Not long after, I received word that a publisher was interested in one of my nonfiction book pitches. It wasn't the Great American Novel I had hoped to sell, but it was legit. And it was an actual hardcover book. The mind-numbing $800 advance they paid me came in handy to pay off some bills. After that, I heard from a literary agent who sold me some articles from some talented writers he represented. When the agent learned of my recently consummated publishing deal, he asked to represent my future book-length works. It was a marriage made in heaven—the first of five agents I'd eventually outlive before finding my current literary rep.
In the following years, I read and evaluated tens of thousands of articles and short stories. I worked as an editor for a major conventional book publisher. I became an internationally syndicated newspaper columnist with a column second in circulation only to "Dear Abby." I edited, ghostwrote, and book doctored for other successfully published authors, including several major celebrities. I was named Executive Editor of a mid-sized daily newspaper. I taught Creative Writing Workshop independently and at the college level. I wrote and had produced numerous television, radio, stage, and video scripts. I knocked out a ton of feature articles and short stories for most major magazines and newspapers. My earnings from writing topped out at more than $100,000 a year. And, only recently, I took a position as a book scout for a conventional publisher looking for debut authors with exceptional talent.
Now, with all this out of the way, let me ask you a question: What have you done to improve the quality and marketability of your writing lately? And, no, attending a weekly writing group doesn't count, since most such groups are painfully inept and notoriously unqualified to improve the quality of their members' works. And reading every issue of Writer's Digest isn't much better because a writer needs more than raw information to learn to write well.
So, what are we talking about here? What have you done? Nothing? Something? A little? Nothing yet, but you're seriously thinking about it?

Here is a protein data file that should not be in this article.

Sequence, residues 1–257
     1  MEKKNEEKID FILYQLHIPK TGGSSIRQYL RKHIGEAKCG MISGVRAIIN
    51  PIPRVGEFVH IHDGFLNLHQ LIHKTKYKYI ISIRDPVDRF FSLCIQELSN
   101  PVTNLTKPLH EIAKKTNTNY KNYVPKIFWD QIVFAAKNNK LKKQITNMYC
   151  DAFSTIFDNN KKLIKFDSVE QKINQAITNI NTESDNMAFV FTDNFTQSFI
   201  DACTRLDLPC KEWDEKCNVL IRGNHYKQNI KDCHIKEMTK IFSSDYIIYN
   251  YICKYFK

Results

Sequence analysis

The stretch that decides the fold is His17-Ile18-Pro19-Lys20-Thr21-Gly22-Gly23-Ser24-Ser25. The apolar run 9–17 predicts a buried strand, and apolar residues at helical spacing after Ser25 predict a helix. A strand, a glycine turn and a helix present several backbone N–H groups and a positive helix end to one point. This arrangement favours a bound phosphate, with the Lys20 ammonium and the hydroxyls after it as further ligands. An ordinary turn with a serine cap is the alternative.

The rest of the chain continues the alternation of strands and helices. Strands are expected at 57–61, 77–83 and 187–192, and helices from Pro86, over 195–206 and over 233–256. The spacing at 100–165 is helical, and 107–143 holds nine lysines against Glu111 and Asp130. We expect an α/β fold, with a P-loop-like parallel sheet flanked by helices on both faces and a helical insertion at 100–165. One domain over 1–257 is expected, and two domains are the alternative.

Well, while you're thinking, here's the best offer you'll receive today. Go to my "Contact" page link in the main menu above and upload five or ten pages from the beginning of your book. Give me a while to get around to reading them, and I'll send you my specific advice for getting to a point in your literary career in which you're qualified to advise other up-and-coming authors on what they need to do to improve their skills. All for the ridiculously low price of nothing. Nada. Zippo.
I can't make you do this, of course. But I can make you question whether or not you're really interested in finding out just where you stand on the marketability scale. And whether or not your material is of publishable quality.
But, I hear you asking, Why only five or ten pages? After all, you can't actually determine where an author needs help and how to get it most expeditiously from such a small sampling of work, can you? Well, actually, I can. Just as any experienced professional editor can and does every day of his or her professional life.
So, that's the deal in a nutshell. A professional critique for no charge. Just remember that I told you this is the best offer you'll receive today. And let me know if I'm wrong.
Hope this helps.
D. J. Herda is author of the new ebook series of writing advice, About Writing Right, available at amazon and at fine booksellers everywhere.